A key feature of GICS is that it can evolve: its structure is intended to reflect the current state of the equity investment universe. S&P Dow Jones Indices and MSCI conduct annual reviews to ensure that the structure remains fully representative of the current global market. Although there have been few significant changes to the Materials sector—Chemicals has always been the largest industry, for example—the Paper & Forest Products industry weight in the S&P 500 declined since 1999, from 20% to 0%.

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Transition to a 1.5°C World with the S&P PACT™: S&P Paris-Aligned & Climate Transition Indices

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Mona Naqvi

Senior Director, Head of ESG Product Strategy, North America

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Ben Leale-Green

Analyst, Research & Design ESG Indices

The landmark Paris Agreement marked a sea change in the global fight against climate change. Backed by empirical evidence from the UN Intergovernmental Panel on Climate Change (IPCC), ambition has since grown to limit global temperature rise to 1.5°C since pre-industrial levels.

To date, climate-conscious investors have largely focused on reducing relative portfolio carbon exposure, but divergent methodologies have made fertile ground for so-called “greenwashing.” While point-in-time analyses do not necessarily inform alignment with our needed transition to a low-carbon economy. However, a combination of groundbreaking new datasets and index innovation is emerging. Investors now have the choice to align with a scenario that may mitigate the most catastrophic impacts. The European Union (EU) is in the process of finalizing standards for defining a ClimateTransition Benchmark (CTB) and a Paris-aligned Benchmark (PAB), both of which use absolute measures to align with a 1.5°C trajectory rather than simply a relative carbon reduction. Our S&P PACTTM: Paris-Aligned & Climate Transition Indices offer a powerful set of investment solutions to meet the proposed standards, in addition to other climate objectives. This new breed of sustainable climate indices therefore provides a pathway for investors to:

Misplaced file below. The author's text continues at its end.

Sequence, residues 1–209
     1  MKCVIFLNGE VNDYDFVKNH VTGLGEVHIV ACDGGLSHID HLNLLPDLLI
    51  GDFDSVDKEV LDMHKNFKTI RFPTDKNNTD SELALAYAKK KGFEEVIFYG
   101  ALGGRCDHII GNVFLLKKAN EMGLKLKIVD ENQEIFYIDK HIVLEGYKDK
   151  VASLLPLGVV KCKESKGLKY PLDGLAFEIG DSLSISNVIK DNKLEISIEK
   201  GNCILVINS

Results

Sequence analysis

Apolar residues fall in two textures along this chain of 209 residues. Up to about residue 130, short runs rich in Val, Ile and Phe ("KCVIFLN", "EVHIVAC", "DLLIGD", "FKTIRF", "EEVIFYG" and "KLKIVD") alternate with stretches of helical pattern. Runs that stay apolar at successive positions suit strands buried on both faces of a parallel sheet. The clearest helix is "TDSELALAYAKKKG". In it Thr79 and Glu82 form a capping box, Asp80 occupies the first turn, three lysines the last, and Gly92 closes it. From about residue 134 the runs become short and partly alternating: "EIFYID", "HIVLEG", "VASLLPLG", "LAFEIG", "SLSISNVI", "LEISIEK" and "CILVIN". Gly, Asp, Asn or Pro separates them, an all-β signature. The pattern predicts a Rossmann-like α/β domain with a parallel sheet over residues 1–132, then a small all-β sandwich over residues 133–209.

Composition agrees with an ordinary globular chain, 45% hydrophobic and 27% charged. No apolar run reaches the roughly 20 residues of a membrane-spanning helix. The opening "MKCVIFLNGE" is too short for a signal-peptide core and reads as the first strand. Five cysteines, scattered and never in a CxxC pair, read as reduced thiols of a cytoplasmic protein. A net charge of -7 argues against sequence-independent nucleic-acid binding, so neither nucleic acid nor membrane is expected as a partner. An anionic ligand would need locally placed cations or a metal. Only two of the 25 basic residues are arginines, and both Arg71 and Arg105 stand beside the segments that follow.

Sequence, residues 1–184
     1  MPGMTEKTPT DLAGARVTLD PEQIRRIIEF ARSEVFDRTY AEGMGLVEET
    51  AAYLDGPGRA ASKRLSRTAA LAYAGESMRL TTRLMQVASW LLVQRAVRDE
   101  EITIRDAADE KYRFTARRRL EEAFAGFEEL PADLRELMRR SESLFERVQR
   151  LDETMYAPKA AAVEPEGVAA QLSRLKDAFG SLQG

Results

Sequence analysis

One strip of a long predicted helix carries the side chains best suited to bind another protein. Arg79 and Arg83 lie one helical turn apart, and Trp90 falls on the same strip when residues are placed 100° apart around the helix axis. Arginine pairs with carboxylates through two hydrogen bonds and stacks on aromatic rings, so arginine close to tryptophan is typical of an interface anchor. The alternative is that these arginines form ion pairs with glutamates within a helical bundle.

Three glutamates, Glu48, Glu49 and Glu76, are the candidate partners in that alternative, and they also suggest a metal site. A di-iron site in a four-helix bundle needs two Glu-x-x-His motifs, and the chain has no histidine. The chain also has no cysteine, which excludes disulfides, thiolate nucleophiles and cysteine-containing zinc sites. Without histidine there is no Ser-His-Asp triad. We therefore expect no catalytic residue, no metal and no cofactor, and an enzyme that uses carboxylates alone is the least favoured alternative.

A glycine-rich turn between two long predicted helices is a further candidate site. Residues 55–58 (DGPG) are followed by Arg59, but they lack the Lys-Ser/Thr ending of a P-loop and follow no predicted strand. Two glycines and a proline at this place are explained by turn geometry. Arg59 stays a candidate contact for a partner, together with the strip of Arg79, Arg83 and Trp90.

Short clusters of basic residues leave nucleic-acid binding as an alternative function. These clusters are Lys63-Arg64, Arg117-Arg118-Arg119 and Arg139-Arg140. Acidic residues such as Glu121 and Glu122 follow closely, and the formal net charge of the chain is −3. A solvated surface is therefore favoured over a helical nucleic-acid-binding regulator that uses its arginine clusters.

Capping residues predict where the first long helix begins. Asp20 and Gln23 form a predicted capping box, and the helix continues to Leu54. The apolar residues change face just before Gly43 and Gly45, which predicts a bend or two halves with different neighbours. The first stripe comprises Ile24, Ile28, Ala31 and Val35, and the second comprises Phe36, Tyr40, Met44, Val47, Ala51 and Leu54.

1. Go beyond the Paris Agreement and align investments with a 1.5°C trajectory toward achieving net-zero emissions by 2050;
  2. Adopt a strategy compliant with the proposed standards for the EU CTBs and PABs and recommendations from the TCFD—accounting for the physical risks, transition risks, and opportunities arising from climate change; and
  3. Address numerous climate objectives efficiently, while staying as close to the underlying index as possible with broad, diversified exposure.

This paper underscores how the S&P PACT Indices could help investors transition to a 1.5°C world and achieve other climate objectives

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Potential Advantages of a Lower Allocation to Energy: The S&P GSCI Light Energy

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Jim Wiederhold

Associate Director, Commodities and Real Assets

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Fiona Boal

Head of Commodities and Real Assets

S&P Dow Jones Indices (S&P DJI) offers a number of strategies that track various commodities markets.  The most widely recognized of these is the S&P GSCI, which is designed to measure the performance of a broadbased, production-weighted, investable representation of the global commodities market. Energy-related futures make up more than half of the index composition.